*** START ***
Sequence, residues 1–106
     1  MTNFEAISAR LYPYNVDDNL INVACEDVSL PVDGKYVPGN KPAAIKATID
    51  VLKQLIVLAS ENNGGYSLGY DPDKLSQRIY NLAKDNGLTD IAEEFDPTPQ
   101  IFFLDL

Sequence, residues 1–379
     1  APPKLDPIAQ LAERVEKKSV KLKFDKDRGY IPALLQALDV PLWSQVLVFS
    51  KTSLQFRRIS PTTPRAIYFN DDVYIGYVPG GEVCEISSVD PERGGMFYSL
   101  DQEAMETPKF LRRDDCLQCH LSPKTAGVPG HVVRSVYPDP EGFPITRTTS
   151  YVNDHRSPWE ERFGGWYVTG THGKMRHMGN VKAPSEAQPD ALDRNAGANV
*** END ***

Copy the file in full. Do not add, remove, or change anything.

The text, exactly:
Sequence, residues 1–106
     1  MTNFEAISAR LYPYNVDDNL INVACEDVSL PVDGKYVPGN KPAAIKATID
    51  VLKQLIVLAS ENNGGYSLGY DPDKLSQRIY NLAKDNGLTD IAEEFDPTPQ
   101  IFFLDL

Sequence, residues 1–379
     1  APPKLDPIAQ LAERVEKKSV KLKFDKDRGY IPALLQALDV PLWSQVLVFS
    51  KTSLQFRRIS PTTPRAIYFN DDVYIGYVPG GEVCEISSVD PERGGMFYSL
   101  DQEAMETPKF LRRDDCLQCH LSPKTAGVPG HVVRSVYPDP EGFPITRTTS
   151  YVNDHRSPWE ERFGGWYVTG THGKMRHMGN VKAPSEAQPD ALDRNAGANV